Rio de Janeiro: Two Centuries of Urban Change 1808-2008

Rio de Janeiro: Two Centuries of Urban Change 1808-2008

The Latin American Institute launches new Center for Brazilian Studies at the Exhibition of Rio de Janeiro: Two Centuries of Urban Change 1808-2008 on February 5, 2009.

Rio de Janeiro is a magical place, a city of fabled beauty and dramatic contrasts, where nature and the human hand have joined to create a landscape of panoramic views and iconic images –Guanabara Bay, the peaks of Sugarloaf and Corcovado, the rows of royal palms, Copacabana and Ipanema beaches, the arcos of the eighteenth-century aqueduct, the Avenidas Rio Branco and Beira-Mar, the statue of Christ the Redeemer, historic churches, and hilltop shantytowns known as favelas.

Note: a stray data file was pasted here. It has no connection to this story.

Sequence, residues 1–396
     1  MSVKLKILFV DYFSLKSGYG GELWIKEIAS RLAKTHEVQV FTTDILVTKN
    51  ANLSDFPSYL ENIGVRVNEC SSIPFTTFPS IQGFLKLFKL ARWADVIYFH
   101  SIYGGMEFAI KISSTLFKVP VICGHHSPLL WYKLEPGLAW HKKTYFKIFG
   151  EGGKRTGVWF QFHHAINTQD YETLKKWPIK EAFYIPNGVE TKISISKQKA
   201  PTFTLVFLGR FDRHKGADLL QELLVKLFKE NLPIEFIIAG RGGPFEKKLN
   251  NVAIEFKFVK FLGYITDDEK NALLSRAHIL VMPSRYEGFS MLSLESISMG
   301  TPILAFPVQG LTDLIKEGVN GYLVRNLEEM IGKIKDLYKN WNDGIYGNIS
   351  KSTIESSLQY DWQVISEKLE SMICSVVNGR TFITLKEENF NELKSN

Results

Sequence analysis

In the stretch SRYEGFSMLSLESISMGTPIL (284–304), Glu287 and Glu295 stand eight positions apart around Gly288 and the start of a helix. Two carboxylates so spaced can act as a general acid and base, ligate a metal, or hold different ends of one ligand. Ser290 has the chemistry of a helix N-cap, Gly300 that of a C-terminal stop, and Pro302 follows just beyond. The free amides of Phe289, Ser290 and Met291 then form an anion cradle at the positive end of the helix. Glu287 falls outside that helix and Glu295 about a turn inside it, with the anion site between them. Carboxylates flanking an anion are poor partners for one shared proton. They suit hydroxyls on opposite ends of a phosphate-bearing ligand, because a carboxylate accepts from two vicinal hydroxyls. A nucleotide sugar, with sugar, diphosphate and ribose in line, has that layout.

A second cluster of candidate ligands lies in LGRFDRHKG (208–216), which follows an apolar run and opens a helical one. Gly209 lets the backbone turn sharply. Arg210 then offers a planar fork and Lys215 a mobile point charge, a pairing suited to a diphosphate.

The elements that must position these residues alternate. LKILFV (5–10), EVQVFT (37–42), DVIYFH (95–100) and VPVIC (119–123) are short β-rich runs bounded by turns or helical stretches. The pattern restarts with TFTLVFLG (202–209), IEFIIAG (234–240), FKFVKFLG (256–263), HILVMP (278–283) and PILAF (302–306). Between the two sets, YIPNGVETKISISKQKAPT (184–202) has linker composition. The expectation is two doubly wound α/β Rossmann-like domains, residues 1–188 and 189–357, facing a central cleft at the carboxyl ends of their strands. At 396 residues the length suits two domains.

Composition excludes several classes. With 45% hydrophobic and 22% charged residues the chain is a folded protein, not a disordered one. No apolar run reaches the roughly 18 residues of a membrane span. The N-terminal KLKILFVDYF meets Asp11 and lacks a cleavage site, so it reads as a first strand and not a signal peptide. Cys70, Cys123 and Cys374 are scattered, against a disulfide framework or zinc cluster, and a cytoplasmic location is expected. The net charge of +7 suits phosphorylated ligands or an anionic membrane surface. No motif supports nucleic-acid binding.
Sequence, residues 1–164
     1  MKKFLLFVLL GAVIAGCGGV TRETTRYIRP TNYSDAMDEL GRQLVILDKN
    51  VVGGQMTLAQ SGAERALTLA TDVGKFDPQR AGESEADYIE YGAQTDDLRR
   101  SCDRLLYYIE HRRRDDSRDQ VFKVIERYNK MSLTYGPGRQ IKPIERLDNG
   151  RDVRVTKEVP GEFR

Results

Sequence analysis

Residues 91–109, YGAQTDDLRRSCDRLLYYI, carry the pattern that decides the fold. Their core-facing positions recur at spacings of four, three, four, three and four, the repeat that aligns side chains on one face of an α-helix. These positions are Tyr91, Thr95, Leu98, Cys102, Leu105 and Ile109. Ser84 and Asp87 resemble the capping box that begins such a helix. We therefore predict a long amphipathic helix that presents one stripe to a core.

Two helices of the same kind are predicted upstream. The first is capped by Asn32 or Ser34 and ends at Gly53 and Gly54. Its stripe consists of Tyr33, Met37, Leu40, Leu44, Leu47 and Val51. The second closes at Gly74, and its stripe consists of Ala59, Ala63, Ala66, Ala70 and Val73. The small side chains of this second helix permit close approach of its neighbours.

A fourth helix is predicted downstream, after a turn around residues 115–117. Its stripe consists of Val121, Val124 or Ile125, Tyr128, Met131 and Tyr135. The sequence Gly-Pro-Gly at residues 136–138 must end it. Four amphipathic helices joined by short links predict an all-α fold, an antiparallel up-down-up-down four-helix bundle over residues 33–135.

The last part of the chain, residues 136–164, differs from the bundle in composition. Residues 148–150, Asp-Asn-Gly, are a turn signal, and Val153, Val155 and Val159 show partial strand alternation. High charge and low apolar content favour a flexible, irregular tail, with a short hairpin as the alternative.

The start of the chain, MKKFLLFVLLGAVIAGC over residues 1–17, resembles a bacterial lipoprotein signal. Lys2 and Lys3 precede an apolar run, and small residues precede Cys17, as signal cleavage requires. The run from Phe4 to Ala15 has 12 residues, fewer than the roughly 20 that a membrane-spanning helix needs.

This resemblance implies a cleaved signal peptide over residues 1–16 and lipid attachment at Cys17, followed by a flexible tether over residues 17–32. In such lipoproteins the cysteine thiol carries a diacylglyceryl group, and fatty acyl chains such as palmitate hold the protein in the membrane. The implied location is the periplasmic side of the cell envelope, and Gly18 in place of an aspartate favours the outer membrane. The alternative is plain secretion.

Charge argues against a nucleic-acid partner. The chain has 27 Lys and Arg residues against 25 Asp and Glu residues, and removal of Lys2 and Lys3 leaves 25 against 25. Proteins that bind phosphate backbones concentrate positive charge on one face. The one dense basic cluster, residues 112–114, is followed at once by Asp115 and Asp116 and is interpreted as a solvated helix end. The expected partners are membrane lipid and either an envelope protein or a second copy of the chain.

This exhibit shows how over the past two hundred years artists and photographers have repeatedly been drawn to these images in a process of icon building within a dynamic context of urban growth and modernization. Such visual presentations reflect not only the changing times through which the cariocas – people of Rio – have lived but are tied to their indomitable spirit as manifested in Carnival, popular music, beach culture, and daily life. Transcending persistent problems of poverty and crime, Rio is internationally acclaimed for its fun-loving atmosphere and its people, who call it the “marvelous city.”

Materials selected for this exhibit, principally from the Research Library Department of Special Collections, illustrate the depth and variety of UCLA’s collections on Rio de Janeiro. Printed books, periodicals, and photographs are featured, as are to a lesser extent manuscripts, maps, films, original artworks, lantern slides, stereocards, chapbooks, and ephemera.

For more information about this event, please refer to our calendar of events.

For more info please contact:
Gloria Tovar
(310) 825-4571

Published: Monday, February 02, 2009